*Reading exhaust- | Erschöpfende Lektüren*

Graduate Student Conference

German Studies, Brown University

October 20-21, 2017

“Das menschliche Wissen ist den Graden nach unendlich, aber der Art nach
ist es durch seine Gesetze vollständig bestimmt, und läßt sich gänzlich

Johann Gottlieb Fichte, *Über den Begriff der Wissenschaftslehre*

“Wenn die Ausführung den Gedanken erschöpfte, der sehr gut ist, so wäre
nichts zu erinnern…”
 W. Goethe, *Wahlverwandtschaften*

“... das durchaus originelle jeder echttragischen Sprache, das
immerwährendschöpfrische …”
Friedrich Hölderlin, *Das untergehende Vaterland*

*Keynote speaker: Daniel Heller-Roazen (Princeton University)*
Date: Fr, Oct 20 - Sat, Oct 21 2017

The interdisciplinary conference *reading exhaust-* aims to trace the
oscillation of exhaustion between completion and depletion, plenitude and
hollowness, productivity and bankruptcy, as well as its connotations of a
possibly infinite depth or even collapse of bodies, both animate and
inanimate. In this regard, reading appears as a form (not far from *afform-*),
affirming tensions between attention *and* boredom, mindfulness *and*
mindlessness, and casting interpreter and art/work as effects of such
tensions. This leads to questions such as: Who is the subject or object of
exhaustion? In reading, does exhaustion (un-)bind both subject and object
of reading? How do *Schöpfung* and *Erschöpfung* relate to one another? Is
one the precondition for the other? Do they complement or subvert each
other? Is any word – and how – exhaustible? Take the word *exhaust*, for
example. Instead of reaching a finite form, the word appears to remain
open-ended in its various conjugation and translations, running the risk of
disintegration before our eyes – exhaust(ive)(ing)(ible)(ed)(!) –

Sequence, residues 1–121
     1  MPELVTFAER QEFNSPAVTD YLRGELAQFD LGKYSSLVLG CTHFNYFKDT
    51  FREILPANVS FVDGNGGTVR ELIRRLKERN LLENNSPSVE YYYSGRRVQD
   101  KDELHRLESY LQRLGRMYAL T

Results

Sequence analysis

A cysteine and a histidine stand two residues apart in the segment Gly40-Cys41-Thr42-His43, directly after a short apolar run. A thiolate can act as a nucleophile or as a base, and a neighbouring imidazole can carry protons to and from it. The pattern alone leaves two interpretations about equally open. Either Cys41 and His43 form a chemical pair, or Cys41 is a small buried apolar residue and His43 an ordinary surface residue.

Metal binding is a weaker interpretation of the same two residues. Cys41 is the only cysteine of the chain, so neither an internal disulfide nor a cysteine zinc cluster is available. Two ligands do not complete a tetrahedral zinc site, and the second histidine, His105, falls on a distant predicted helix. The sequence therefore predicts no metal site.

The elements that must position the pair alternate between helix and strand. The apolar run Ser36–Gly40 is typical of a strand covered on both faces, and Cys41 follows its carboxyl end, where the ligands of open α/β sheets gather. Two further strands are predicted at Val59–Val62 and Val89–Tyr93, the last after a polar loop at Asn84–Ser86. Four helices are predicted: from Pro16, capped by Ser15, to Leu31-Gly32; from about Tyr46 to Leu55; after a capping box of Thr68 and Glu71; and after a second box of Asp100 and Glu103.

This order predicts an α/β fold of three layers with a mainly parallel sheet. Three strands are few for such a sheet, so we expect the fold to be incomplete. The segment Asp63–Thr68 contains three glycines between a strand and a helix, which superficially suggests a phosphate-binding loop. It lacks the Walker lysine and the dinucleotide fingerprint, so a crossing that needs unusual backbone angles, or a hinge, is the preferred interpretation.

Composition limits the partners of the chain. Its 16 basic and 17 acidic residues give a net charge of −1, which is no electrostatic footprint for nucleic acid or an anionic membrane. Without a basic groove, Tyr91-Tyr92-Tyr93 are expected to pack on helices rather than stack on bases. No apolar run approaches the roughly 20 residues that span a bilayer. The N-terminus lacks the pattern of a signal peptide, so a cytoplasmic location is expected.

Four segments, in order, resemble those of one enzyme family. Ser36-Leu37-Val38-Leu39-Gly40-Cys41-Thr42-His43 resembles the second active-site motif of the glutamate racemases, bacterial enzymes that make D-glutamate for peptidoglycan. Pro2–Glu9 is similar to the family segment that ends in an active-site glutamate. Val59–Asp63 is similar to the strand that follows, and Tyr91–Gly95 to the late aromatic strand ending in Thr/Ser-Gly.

We seem to exhaust ourselves in attempt to exhaust a text. We adopt the
posture of readerly attention, bent over, for an uncomfortably long period
of time, at an awkward angle; and when our concentration fades and
inspiration – the spirit – leaves us, a body is left behind, meaning
withdraws from the letter, leaving us with its sheer, graphic materiality,
a textual landscape. If we look at it this way, exhaustion could designate
not an end, but a beginning for the exploration of uncharted territory. In
reading, we find ourselves tracing and mining for meaning when meaning
retracts, pulls back, withdraws itself and pulls us into the depth. There
is a certain degree of compulsion, if not obsession, to this motion:
perhaps it is we who seek to reach a limit, to go beyond our forces when we
engage with texts and other webs, chasing what might be called a “reader’s
high”. Perhaps the moment of exhaustion confronts us as readers with the
limits of human capacity and reveals thereby to us our ‘human-ness.’ Might
there be inhuman, inexhaustible modes of reading? Can machines be exhausted
or are they digital dwarves, inexhaustibly mining through gigantic corpora?

Exhaust: from Latin *exhaurire*, ‘to draw off or out,’ ‘to use up
completely,’ ‘to empty,’ ‘to treat or study (a subject) so as to leave
nothing further to be explained or discovered,’ ‘to drain of strength or